See Also:
An Evening in Tangier
Planes, Trains, Automobiles

Gettysburg: History & Lunch

“Four score and seven years ago
our fathers brought forth on this continent a new nation,
conceived in liberty,
and dedicated to the proposition that all men are created equal…”
— from the Gettysburg Address
by US President Abraham Lincoln (Nov 19, 1863)

The Battle of Gettysburg was a turning point in the American Civil War. Confederate army led by General Robert E. Lee was defeated by the Union army led by Maj. General George Mead ending Lee’s invasion of the North. The battle fought over 3 days between July 1-3, 1863 had the most casualties of the American Civil War.  The famous Gettysburg Address was given by the then US President Abraham Lincoln at the dedication of the Soldiers National Cemetery in Gettysburg, PA. History abounds here.

It was almost an hour later than planned that Darya and I set off from Leesburg for a short hop to Gettysburg for our monthly flyout with the dc99s. Different aircraft. Different airport than originally planned. At the rate this year has been shaping up, this almost seems the norm. But nothing about flying is business as usual. Even on a fine, sunny day. Sponge stuck in the elevator hinge blocking the hole. Keep or remove? Maybe give Darya some practice for some wingwalking if the elevator gets stuck? After some deliberation, out it came; fuel topped off; oil added; doors closed and tight, we set off for W05 mindful of the Prohibited Area P-40 and Restricted Area R-4009 surrounding Camp David.

Where was the airport? According to the GPS we were less than 3 nm miles away and neither of us had identified the airport yet. We knew it was at our 12 o’clock since the GPS clearly indicated we were heading directly towards it! In the nick of time we located the airport, did some quick maneuvering to get re-oriented, and landed without incident.

As has been the norm on most occasions, three aircraft departed from three different airports and convened at W05 for the monthly DC99s $500 ham(vege) burger flyout. The plan was to get lunch at Herr Tavern and get a ride in the blue trolley into town to checkout the battlefield and other historic sights.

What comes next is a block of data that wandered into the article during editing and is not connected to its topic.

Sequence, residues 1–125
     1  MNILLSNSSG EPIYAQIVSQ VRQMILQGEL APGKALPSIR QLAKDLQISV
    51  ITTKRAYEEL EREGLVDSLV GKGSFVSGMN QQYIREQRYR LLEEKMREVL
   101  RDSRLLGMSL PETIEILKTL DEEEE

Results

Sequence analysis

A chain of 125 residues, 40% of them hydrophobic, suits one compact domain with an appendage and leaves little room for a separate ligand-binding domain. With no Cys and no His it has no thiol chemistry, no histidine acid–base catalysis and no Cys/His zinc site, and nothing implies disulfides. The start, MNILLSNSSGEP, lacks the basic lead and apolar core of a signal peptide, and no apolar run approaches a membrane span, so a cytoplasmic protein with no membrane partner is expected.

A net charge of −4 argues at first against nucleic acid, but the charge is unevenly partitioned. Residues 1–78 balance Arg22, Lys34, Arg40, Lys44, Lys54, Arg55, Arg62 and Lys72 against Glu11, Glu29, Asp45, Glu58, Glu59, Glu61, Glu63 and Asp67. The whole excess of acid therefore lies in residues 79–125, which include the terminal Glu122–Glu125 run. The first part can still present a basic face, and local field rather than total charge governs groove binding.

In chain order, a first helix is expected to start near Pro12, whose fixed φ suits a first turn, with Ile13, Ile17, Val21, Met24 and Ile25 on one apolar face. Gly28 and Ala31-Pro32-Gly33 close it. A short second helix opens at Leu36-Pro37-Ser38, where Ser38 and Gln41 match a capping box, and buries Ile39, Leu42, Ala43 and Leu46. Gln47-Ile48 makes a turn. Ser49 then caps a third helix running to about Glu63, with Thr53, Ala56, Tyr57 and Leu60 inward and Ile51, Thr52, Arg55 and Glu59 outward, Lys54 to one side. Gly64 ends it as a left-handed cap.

A short walk along the Route  30 highway (about 7/10 miles) led us to the Sharpshooter Grill adjacent to Herr Tavern, where Debbie, Norm and Rani were already enjoying a sumptuous meal having arrived an hour earlier.

We should have expected it I suppose, but it wasn’t until we were ready to head to downtown did we realize that the blue trolley only operates during the week! After a half an hour wait, we finally negotiated a ride into town in the only available shuttle service paying $25 each way.

Gettysburg is a quaint little town. The whole town is supposed to be the battlefield, although there is the specific designated Gettysburg National Battlefield and the Gettysburg National Military Park. Shops line the streets of downtown Gettysburg, with historic landmarks such as the location of Lincoln’s Gettysburg Address, museums and other historical buildings still standing 160 yrs later.

After walking through historic Gettysburg downtown; visiting the free Gettysburg museum filled with artifacts ranging from bullets from the American Civil War, to JFK boxers, even Elivis’ memorabilia, Eva Brauns’ attire and many more; it was time for cupcakes and the ride back to the airport and the end of another perfect day of glorious flying, camaraderie and hanger flying.

Gettysburg airport (W05) is tricky to locate. Has very little transient parking. No fuel and no public transportation to town during the weekend.  No cab service is available in Gettysburg at all. Period. Yet if planned well is a great flyin destination. What better way than to spend a day or two visiting the rich history of the American Civil War? Fourth of July weekend is the ultimate weekend to visit this historical place. Note to self: next time call Enterprise ahead!

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Some photographs courtesy Rani Spivey and Darya Pilram

CGE Finally!

We almost didn’t make it this time too.

I tried twisting the key in the ignition one more time. All we could hear was a clicking sound and the propeller refused to budge. “It might need a jump start, likely the battery is dead,”  said Ed from the flight school. A quick jumpstart later, Linda and I proceeded with the pre-flight.

“Avionics On”.  The MFD flashed and died. I could hear sputtering and noises which sounded like electrical shorts and the alternator CB re-setted. The noises were unsettling and I turned off the engine.

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Williamsburg (JGG)

My first recollections of this historical place dates back several years ago when I visited Busch Gardens with college friends. That was a memorable trip that will always be fresh in my mind.

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Miles of Runway

When I heard that the San Fernando Valley 99s were planning a flyin to Edwards Air Force Base, I jumped at the marvelous opportunity to land on the base at one of the longest runways. Anne and I signed up promptly and waited impatiently for the day to arrive. With paper work done and explicit instructions on what to do and not do on the day at hand we were ready to fly!